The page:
However, Plaintiff's claim that Officer Foster committed perjury during grand jury proceedings is summarily dismissed on preliminary review pursuant to 28 U.S.C. § 1915A. In the Seventh Circuit, a witness is absolutely immune from a claim arising from the witness's testimony in a grand jury. Curtis v. Bembenek, 48 F.3d 281, 284 (7th Cir. 1995) (citing Kincaid v. Eberle, 712 F.2d 1023, 1023-24 (7th Cir. 1983)). (The Court notes that the Supreme Court has under advisement a case which might overrule this conclusion. See Rehberg v. Paulk, S. Ct. No. 10-788 (argued November 1, 2011).)
The clerk shall issue summonses forthwith. The United States Marshals Service is appointed to serve the defendants. Any service forms necessary for Plaintiff to complete will be sent by the Marshal as appropriate to serve the defendants with process. The U.S. Marshal is directed to make all reasonable efforts to serve the defendants. If any officer can no longer be found at the work address provided by Plaintiff, the Chicago Police Department shall furnish the Marshal with the defendant's last-known address. The information shall be used only for purposes of effectuating service [or for proof of service, should a dispute arise] and any documentation of the address shall be retained only by the Marshal. Address information shall not be maintained in the court file, nor disclosed by the Marshal.The Marshal is authorized to mail a request for waiver of service to the defendants in the manner prescribed by Fed. R. Civ. P. 4(d)(2) before attempting personal service.
Plaintiff is instructed to file all future papers concerning this action with the Clerk of Court in care of the Prisoner Correspondent. Plaintiff must provide the court with the original plus a complete judge's copy, including any exhibits, of every document filed. In addition, Plaintiff must send an exact copy of any court filing to the defendants (or to defense counsel, once an attorney has entered an appearance on behalf of the defendants). Every document filed with the Court must include a certificate of service stating to whom exact copies were mailed and the date of mailing. Any paper that is sent directly to the judge or that otherwise fails to comply with these instructions may be disregarded by the Court or returned to Plaintiff.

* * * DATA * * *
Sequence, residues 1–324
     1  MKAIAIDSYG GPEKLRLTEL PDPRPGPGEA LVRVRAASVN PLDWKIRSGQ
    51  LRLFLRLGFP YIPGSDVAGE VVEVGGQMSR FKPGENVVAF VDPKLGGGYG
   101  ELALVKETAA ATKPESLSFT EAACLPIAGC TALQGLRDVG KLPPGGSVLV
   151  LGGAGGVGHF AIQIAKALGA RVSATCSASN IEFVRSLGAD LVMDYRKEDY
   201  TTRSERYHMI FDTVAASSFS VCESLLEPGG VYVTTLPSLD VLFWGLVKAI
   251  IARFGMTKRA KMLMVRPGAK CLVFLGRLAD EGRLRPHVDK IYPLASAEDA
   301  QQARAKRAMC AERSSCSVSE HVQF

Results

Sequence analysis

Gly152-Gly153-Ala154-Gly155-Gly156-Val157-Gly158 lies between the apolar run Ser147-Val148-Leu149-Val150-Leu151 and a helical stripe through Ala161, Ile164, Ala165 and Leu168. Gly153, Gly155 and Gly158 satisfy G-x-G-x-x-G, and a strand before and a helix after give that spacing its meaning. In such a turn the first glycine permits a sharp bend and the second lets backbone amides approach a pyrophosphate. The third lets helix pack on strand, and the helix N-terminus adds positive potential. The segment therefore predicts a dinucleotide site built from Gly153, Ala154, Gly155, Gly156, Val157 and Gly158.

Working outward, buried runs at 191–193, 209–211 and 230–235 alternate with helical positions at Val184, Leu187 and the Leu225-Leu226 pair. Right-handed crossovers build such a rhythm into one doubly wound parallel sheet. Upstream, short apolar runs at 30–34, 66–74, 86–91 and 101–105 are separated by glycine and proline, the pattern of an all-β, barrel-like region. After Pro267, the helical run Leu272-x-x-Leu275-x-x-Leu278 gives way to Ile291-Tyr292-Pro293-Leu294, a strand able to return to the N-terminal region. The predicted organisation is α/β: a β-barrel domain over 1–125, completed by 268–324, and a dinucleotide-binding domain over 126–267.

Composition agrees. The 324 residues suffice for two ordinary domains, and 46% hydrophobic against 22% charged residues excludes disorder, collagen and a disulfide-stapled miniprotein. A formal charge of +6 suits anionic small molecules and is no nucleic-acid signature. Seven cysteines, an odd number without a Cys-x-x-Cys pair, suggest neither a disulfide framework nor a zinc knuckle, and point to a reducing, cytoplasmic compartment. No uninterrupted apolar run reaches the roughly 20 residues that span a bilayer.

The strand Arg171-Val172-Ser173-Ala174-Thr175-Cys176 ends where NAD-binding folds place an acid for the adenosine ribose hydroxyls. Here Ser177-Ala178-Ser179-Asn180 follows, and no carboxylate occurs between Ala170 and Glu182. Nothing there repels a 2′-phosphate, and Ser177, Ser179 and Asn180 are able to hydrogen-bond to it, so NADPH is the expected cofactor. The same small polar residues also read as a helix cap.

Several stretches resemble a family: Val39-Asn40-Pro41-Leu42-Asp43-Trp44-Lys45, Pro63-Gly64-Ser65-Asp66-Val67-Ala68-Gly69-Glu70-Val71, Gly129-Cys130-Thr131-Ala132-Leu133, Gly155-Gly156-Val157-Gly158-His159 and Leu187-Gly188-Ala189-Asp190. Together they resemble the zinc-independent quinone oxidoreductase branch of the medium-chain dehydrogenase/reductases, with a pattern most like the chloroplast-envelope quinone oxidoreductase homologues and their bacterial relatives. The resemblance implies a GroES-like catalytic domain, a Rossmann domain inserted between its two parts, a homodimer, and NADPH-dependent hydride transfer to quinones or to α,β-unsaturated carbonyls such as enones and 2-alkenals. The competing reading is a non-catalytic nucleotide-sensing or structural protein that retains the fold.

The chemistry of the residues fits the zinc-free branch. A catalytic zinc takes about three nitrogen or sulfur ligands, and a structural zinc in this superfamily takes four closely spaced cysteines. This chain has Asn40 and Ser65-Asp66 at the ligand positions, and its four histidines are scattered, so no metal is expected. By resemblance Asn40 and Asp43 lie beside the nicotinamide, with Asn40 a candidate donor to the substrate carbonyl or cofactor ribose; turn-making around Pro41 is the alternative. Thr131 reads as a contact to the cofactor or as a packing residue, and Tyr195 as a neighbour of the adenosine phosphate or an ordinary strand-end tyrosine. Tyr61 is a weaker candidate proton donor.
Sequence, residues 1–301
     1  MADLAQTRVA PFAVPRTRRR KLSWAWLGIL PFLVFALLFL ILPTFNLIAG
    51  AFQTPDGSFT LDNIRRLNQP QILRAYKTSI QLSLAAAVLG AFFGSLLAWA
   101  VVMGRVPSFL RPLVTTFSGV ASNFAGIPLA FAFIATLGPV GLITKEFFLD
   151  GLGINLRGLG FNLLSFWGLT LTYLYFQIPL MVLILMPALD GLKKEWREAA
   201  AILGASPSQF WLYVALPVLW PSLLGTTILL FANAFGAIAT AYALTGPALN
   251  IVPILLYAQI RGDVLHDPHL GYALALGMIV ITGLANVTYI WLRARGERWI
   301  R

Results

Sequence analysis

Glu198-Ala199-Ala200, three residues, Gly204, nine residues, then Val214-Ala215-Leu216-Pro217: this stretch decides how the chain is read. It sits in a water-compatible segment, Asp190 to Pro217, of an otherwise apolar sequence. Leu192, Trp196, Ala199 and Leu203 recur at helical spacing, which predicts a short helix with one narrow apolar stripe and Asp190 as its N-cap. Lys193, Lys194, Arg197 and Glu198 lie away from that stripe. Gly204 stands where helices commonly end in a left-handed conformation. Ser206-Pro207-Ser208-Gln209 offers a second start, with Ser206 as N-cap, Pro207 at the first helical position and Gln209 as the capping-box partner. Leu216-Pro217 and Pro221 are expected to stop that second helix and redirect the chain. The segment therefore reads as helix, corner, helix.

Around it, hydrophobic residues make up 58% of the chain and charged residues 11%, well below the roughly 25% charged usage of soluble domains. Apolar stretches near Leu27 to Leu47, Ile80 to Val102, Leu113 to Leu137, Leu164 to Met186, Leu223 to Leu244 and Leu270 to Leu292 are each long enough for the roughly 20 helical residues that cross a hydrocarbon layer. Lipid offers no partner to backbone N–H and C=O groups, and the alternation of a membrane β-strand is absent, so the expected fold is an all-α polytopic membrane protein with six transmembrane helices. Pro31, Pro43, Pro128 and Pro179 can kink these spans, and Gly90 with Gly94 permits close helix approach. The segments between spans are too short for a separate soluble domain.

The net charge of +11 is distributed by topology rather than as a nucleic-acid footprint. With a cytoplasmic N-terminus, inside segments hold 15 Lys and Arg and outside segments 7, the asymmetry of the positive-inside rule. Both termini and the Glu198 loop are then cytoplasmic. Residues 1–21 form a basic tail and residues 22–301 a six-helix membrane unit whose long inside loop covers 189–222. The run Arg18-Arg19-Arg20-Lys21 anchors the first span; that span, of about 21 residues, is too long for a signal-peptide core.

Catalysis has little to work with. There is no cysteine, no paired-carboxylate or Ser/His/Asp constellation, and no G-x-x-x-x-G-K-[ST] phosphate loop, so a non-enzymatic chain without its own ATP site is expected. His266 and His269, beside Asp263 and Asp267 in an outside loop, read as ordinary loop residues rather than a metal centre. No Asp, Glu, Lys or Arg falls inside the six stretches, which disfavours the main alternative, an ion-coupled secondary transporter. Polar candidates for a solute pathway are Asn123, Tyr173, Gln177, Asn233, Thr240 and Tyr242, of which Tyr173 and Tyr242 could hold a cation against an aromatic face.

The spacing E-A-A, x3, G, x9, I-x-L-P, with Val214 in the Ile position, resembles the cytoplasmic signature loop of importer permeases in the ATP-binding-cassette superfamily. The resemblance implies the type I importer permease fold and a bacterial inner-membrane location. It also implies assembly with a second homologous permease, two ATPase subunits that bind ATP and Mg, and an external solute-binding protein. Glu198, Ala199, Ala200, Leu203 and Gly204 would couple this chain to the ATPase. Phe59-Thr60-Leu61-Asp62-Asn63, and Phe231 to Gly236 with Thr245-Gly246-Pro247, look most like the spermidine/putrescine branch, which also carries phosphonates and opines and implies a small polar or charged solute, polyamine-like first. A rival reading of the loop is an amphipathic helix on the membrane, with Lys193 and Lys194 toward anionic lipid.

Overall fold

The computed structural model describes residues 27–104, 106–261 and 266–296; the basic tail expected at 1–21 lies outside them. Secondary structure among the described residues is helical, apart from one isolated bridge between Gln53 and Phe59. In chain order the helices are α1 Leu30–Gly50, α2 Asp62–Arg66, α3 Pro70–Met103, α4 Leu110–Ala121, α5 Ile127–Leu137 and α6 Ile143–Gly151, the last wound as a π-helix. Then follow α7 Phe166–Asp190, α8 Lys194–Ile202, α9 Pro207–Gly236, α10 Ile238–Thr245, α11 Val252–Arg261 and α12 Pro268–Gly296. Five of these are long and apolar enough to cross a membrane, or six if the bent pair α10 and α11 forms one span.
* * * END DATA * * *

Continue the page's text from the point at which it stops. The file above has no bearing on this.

Finally, Plaintiff's motion for appointment of counsel is denied without prejudice. There is no constitutional or statutory right to counsel in federal civil cases. Romanelli v. Suliene, 615 F.3d 847, 851 (2010); see also Johnson v. Doughty, 433 F.3d 1001, 1006 (7th Cir. 2006). Nevertheless, the district court has discretion under 28 U.S.C. § 1915(e)(1) to request counsel for an indigent litigant. Pruitt v. Mote, 503 F.3d 647, 654 (7th Cir. 2007) (en banc) (citing Johnson, 433 F.3d at 1006). When a pro se litigant submits a request for appointment of counsel, the Court must first consider whether the indigent plaintiff has made reasonable attempts to secure counsel on his own, or conversely, if he has been precluded from doing so. Pruitt, 503 F.3d at 654. Next, the court must evaluate the complexity of the case and whether the plaintiff appears competent to litigate it on his own. Id. at 654-55. Another consideration is whether the assistance of counsel would provide a substantial benefit to the court or the parties, potentially affecting the outcome of the case. Id. at 654; Gil v. Reed, 381 F.3d 649, 656 (7th Cir. 2004); see also Local Rule 83.36(c) (N.D. Ill.) (listing the factors to be taken into account in determining whether to appoint counsel).
After considering the above factors, the court Concludes that appointment of counsel is not warranted in this case, at least not yet. Although the complaint sets forth cognizable claims, neither the legal issues raised in the complaint nor the factual evidence that might support the plaintiff's claims are so complex or intricate that a trained attorney is necessary. Plaintiff is a high school graduate, and his initial submissions are coherent and articulate. He appears more than capable of competently presenting his case. Therefore, Plaintiff's motion for appointment of ...